By: Jana Greene
The first time I heard the term bantered around in an AA meeting, I was personally offended. After all, I was at a meeting because I couldn’t drink like normally like “everyone else” and by attending, I was spotlighting a weakness that had resulted from my unique set of circumstances. And I had stayed sober for weeks by then – in spite of very challenging things: My unhappy home life. My health issues. My negative thought patterns. Of course I am special!
Just like everyone else in the room.
Nowadays, I don’t bristle at the suggestion of feeling terminally unique. It makes me chuckle a bit because I know how terminally unique I am, as are you and each other person whom God has created. For years, I used it as an excuse to keep from getting sober. Easy for her, I would think of someone in recovery. She doesn’t walk in my shoes.
We are all incredibly unique, endowed with a one-of-a-kind skill set of coping, growing, thinking, feeling and choosing….our weirdness, perhaps. Our unique weirdness, combined with life experience, is terminal – there is no chance of being born one soul and dying entirely another.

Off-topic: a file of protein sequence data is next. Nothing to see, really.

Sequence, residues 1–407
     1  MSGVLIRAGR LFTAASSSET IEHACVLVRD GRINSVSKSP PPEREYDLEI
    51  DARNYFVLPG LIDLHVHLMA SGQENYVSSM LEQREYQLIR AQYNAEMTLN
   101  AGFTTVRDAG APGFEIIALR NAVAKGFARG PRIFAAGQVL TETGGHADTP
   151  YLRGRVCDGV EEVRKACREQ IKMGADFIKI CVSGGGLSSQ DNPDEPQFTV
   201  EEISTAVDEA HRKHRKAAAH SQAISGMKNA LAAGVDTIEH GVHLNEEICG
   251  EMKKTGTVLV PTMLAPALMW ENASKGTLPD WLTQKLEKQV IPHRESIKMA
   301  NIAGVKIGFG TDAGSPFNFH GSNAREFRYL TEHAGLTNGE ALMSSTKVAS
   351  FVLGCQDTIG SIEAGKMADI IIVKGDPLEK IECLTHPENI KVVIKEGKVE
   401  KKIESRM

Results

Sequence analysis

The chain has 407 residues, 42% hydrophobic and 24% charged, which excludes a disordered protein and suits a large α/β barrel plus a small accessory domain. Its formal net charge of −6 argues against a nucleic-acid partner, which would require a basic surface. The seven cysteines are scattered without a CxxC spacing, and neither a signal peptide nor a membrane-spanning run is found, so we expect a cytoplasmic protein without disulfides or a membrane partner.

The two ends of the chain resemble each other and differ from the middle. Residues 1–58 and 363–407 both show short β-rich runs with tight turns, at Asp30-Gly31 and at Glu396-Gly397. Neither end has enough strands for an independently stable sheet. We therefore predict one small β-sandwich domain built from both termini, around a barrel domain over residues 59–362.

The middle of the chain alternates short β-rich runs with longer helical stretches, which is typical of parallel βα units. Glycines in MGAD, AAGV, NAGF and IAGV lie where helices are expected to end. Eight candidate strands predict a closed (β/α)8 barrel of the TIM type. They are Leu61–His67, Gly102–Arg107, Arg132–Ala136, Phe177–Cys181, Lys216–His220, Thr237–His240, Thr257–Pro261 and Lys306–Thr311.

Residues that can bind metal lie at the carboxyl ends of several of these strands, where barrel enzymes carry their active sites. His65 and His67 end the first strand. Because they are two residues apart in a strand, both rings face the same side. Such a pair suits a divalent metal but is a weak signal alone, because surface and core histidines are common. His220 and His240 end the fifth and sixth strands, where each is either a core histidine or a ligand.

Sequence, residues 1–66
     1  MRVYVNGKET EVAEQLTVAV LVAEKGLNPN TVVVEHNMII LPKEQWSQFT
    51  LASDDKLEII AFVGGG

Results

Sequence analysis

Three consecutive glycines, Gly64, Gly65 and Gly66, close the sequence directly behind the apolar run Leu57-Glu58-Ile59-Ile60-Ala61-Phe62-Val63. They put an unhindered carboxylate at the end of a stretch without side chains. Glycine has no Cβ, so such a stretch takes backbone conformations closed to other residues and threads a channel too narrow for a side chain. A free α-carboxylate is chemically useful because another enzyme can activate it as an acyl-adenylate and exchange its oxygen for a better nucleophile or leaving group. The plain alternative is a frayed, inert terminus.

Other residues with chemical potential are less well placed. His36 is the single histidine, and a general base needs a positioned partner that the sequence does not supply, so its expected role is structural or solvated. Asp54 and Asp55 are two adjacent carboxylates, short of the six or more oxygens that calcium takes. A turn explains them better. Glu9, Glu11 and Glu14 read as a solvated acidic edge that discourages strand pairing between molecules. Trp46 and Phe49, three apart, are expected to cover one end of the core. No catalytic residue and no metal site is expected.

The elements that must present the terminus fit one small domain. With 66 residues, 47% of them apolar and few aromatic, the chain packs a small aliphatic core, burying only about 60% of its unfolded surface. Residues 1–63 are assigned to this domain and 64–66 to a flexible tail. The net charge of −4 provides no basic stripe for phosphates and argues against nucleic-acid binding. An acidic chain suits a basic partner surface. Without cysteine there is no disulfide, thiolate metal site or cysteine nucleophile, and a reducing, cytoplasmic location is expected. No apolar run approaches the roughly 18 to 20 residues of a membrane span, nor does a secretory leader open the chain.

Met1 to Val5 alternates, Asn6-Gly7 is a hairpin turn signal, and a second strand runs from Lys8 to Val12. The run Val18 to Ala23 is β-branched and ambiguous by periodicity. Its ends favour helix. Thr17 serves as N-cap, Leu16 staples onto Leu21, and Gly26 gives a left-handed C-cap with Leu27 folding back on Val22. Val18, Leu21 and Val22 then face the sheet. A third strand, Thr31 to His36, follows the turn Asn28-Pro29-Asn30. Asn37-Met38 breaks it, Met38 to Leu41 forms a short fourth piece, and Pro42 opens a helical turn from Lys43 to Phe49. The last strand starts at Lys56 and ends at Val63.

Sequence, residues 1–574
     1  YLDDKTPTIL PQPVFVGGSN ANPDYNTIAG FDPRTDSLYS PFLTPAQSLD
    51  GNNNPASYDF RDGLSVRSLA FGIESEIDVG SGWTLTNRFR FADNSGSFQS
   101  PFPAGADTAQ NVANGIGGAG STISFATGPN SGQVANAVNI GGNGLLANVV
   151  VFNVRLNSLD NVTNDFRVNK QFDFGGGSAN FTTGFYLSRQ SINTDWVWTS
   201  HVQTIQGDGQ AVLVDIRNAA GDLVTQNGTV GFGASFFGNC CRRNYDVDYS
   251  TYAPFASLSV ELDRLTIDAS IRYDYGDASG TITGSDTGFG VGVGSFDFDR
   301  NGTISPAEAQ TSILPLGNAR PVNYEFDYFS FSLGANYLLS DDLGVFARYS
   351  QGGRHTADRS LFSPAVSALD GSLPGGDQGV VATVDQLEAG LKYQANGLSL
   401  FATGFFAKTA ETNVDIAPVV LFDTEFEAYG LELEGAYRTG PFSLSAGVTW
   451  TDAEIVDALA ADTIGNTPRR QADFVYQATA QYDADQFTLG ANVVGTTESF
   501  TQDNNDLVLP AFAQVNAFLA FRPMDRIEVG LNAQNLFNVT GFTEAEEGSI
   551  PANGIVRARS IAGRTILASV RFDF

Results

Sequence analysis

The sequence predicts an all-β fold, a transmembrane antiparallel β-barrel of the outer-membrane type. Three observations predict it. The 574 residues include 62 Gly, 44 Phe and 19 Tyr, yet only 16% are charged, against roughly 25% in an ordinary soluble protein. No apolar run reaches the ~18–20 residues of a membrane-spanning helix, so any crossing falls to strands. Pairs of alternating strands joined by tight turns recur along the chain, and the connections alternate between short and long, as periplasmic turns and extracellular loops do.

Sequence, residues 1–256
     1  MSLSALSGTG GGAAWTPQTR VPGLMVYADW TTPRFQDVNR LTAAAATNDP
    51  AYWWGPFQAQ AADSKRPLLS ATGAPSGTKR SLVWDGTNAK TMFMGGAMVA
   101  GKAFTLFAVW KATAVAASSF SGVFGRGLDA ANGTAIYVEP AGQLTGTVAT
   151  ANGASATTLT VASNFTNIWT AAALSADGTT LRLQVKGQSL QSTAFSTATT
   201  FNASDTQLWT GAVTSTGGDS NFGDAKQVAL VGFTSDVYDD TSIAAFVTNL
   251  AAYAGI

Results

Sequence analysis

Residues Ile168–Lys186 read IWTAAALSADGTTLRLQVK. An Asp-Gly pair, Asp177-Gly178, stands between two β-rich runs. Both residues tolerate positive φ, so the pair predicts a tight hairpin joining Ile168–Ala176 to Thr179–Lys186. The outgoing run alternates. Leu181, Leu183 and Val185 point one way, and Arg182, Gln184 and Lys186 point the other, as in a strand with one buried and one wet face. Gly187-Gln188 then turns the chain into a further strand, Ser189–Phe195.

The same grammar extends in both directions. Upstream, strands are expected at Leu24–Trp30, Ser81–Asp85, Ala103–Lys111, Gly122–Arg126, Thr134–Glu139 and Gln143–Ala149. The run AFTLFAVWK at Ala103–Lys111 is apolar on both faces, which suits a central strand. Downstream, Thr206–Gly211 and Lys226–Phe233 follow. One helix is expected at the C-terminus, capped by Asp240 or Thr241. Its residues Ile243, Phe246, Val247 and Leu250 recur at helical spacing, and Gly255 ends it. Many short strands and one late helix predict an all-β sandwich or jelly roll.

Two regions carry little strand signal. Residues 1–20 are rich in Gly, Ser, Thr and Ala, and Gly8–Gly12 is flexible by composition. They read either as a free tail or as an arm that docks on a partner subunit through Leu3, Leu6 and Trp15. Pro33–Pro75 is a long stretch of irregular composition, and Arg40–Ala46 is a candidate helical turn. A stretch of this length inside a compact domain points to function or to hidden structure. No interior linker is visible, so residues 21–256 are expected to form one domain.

Even as we are born again in the spirit, that soul still exhibits some quirkiness on occasion.
I used to believe that if I were doing it “right”, being a Christian cause me to have it all together. In my mind’s eye, I saw myself evolving into an entirely different creature: Poised, reverent, polished and wise, the Christian Me would be emotionally available, sane at all times, selfless and serene.
Just like everyone else seems to be!
Except that no-one is all of those lovely things all of the time. Only Jesus could manage to pull that off. God is teaching me that my addictions and behaviors are not weakness born of my terminal uniqueness, but of my humanity. They were born for one unique purpose: to bring his name glory. The weaker times in my life – when I couldn’t cope, grow, think or feel like anyone could pull me out of my troubles, I chose to ask God to help me up. And despite my being so terminally unique, he answered my prayers and advised me to tell others that he can use weirdoes like me. And you.
What about the very unique circumstances that challenged me? My home life, my health issues, my negative thought patterns? Perhaps allowed by God to share hope with those in similar circumstances, walking in similar shoes.
Not the least bit “all together”, terminally unique, and saved by Christ.